IDEAS home Printed from
MyIDEAS: Login to save this article or follow this journal

The reaction of asset markets to Swiss National Bank communication

  • Ranaldo, Angelo
  • Rossi, Enzo

In this paper we analyze high-frequency movements in Swiss asset markets in reaction to real-time communication by the Swiss National Bank. Our analysis of central bank communication encompasses monetary policy announcements, speeches and interviews. We examine the reactions of the currency market, the bond market and the stock exchange. The evidence suggests that speeches and interviews, along with monetary policy announcements, engender a significant price reaction. This paper sheds light on the relevance of communications other than monetary policy announcements.

If you experience problems downloading a file, check if you have the proper application to view it first. In case of further problems read the IDEAS help page. Note that these files are not on the IDEAS site. Please be patient as the files may be large.

File URL:
Download Restriction: Full text for ScienceDirect subscribers only

As the access to this document is restricted, you may want to look for a different version under "Related research" (further below) or search for a different version of it.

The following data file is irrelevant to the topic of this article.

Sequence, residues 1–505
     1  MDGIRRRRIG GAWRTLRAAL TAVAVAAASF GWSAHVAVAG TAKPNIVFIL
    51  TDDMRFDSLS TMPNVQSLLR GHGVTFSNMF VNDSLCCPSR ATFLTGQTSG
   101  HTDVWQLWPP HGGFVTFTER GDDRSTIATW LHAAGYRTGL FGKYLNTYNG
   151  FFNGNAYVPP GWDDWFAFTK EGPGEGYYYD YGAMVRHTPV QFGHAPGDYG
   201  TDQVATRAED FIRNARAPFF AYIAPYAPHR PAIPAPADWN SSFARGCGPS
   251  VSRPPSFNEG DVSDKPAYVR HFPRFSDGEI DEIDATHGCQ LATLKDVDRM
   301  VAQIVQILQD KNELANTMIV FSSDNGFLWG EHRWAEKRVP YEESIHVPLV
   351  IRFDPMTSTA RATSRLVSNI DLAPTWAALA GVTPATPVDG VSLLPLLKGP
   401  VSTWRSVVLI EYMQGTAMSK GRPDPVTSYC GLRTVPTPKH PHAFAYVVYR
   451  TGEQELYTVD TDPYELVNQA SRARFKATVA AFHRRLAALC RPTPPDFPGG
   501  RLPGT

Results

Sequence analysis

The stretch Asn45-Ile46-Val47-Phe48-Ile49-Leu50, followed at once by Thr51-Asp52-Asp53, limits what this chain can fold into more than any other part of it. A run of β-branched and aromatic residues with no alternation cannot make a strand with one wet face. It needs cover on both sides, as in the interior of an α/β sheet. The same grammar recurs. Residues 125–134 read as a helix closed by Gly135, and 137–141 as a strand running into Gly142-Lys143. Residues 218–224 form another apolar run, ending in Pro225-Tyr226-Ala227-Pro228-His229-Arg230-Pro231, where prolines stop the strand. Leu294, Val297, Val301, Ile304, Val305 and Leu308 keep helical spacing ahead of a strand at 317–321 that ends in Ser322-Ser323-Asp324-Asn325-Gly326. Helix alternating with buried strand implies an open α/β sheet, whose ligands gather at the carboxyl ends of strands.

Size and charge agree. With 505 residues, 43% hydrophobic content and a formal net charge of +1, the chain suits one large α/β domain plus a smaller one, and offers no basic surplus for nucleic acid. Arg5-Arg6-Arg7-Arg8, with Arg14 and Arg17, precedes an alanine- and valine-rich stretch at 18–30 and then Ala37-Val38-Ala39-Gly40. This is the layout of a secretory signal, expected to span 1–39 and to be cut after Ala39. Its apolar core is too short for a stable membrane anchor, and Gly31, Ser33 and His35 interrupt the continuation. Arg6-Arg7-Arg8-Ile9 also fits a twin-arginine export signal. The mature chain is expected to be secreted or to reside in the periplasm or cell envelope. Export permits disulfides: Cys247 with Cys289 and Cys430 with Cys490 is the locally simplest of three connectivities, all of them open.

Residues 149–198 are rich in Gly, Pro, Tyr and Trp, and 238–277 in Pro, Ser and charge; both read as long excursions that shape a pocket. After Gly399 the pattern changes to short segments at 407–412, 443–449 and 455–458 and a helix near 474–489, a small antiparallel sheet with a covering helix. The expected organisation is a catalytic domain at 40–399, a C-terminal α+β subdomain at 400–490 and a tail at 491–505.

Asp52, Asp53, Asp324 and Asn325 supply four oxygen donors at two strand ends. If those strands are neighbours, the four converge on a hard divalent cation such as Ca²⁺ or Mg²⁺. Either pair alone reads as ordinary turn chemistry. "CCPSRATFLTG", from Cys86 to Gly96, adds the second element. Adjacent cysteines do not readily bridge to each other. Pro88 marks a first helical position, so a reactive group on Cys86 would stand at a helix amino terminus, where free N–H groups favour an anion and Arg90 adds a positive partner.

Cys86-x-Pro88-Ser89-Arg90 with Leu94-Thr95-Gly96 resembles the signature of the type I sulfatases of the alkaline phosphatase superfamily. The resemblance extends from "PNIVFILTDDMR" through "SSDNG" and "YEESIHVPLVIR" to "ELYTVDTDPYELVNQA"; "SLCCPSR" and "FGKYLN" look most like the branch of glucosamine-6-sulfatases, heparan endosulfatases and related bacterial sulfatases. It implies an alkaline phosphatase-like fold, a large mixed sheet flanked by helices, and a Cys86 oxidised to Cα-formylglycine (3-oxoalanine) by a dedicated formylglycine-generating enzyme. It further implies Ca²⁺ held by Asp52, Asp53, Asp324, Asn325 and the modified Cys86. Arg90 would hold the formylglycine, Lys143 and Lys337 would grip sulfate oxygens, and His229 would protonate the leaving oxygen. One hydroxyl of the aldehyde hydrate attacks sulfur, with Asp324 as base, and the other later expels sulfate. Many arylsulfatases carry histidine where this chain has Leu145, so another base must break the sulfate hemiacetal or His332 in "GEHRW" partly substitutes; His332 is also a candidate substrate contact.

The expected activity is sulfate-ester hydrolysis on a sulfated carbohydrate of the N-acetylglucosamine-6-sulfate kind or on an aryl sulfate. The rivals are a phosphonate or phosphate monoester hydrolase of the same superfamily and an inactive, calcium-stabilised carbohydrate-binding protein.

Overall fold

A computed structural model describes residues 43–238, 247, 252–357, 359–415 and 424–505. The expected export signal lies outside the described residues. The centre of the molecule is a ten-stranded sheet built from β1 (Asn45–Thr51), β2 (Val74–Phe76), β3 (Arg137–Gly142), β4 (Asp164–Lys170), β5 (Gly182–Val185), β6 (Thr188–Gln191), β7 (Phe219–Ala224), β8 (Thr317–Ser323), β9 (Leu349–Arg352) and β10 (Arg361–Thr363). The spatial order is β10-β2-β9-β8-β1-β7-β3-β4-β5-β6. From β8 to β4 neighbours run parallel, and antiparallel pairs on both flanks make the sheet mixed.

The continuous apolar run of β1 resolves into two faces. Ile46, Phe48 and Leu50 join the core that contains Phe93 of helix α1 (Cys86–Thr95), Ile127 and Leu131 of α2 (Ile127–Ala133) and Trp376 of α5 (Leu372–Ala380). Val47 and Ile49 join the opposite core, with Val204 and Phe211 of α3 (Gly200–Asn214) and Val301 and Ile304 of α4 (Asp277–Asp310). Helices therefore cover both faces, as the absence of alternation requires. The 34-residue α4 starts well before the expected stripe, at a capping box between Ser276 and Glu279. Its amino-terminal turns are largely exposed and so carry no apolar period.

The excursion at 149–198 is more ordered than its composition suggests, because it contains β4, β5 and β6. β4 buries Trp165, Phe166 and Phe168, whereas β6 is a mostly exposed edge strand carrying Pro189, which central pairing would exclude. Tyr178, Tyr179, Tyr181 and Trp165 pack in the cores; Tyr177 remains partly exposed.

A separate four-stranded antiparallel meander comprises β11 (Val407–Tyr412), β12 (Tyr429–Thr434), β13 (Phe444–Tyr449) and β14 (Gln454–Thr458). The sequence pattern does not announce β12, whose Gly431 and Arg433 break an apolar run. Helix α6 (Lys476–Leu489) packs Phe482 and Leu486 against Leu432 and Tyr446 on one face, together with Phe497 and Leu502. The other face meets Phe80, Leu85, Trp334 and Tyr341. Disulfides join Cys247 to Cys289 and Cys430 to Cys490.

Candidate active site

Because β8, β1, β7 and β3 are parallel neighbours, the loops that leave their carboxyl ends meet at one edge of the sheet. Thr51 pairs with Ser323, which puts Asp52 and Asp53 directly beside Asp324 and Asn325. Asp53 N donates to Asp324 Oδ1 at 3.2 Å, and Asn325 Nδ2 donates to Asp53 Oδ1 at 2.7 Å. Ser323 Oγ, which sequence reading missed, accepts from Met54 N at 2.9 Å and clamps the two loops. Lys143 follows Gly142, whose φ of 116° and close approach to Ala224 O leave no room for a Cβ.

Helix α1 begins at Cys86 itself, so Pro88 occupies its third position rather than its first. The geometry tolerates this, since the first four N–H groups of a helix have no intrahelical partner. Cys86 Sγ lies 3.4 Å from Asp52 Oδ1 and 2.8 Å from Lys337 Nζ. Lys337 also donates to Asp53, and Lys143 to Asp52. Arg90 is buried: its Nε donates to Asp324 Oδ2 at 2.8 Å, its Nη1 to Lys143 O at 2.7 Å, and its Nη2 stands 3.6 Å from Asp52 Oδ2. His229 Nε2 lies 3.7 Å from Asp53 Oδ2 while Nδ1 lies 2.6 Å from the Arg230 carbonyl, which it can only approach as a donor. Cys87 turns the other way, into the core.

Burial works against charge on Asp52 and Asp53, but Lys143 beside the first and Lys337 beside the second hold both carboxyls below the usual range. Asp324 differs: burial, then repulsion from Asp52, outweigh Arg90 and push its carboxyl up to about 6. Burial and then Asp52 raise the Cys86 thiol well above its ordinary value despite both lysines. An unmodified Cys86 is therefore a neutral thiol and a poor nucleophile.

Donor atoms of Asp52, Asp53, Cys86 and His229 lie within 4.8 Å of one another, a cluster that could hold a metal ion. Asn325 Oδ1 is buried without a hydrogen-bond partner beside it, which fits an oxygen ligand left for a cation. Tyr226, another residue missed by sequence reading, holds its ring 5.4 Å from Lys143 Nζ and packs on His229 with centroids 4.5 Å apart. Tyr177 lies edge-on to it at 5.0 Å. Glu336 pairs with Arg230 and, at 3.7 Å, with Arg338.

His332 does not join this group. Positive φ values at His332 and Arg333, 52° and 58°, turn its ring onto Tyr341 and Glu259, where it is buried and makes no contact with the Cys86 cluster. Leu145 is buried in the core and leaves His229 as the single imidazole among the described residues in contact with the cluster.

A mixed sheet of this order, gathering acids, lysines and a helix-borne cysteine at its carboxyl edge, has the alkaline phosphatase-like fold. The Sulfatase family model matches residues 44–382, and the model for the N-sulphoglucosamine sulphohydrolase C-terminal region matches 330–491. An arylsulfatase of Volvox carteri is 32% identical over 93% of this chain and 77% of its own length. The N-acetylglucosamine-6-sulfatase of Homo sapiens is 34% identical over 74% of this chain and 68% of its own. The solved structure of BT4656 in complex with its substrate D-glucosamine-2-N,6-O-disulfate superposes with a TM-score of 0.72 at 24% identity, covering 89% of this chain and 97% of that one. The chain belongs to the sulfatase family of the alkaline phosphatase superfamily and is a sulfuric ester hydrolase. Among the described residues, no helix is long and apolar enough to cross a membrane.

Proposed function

Article provided by Elsevier in its journal Journal of International Money and Finance.

Volume (Year): 29 (2010)
Issue (Month): 3 (April)
Pages: 486-503

in new window

Handle: RePEc:eee:jimfin:v:29:y:2010:i:3:p:486-503
Contact details of provider: Web page:

References listed on IDEAS
Please report citation or reference errors to , or , if you are the registered author of the cited work, log in to your RePEc Author Service profile, click on "citations" and make appropriate adjustments.:

as in new window
  1. van der Cruijsen, Carin & Demertzis, Maria, 2007. "The impact of central bank transparency on inflation expectations," European Journal of Political Economy, Elsevier, vol. 23(1), pages 51-66, March.
  2. Refet S. Gürkaynak & Andrew T. Levin & Andrew N. Marder & Eric T. Swanson, 2007. "Inflation Targeting and the Anchoring of Inflation Expectations in the Western Hemisphere," Central Banking, Analysis, and Economic Policies Book Series, in: Frederic S. Miskin & Klaus Schmidt-Hebbel & Norman Loayza (Series Editor) & Klaus Schmidt-Hebbel (Se (ed.), Monetary Policy under Inflation Targeting, edition 1, volume 11, chapter 11, pages 415-465 Central Bank of Chile.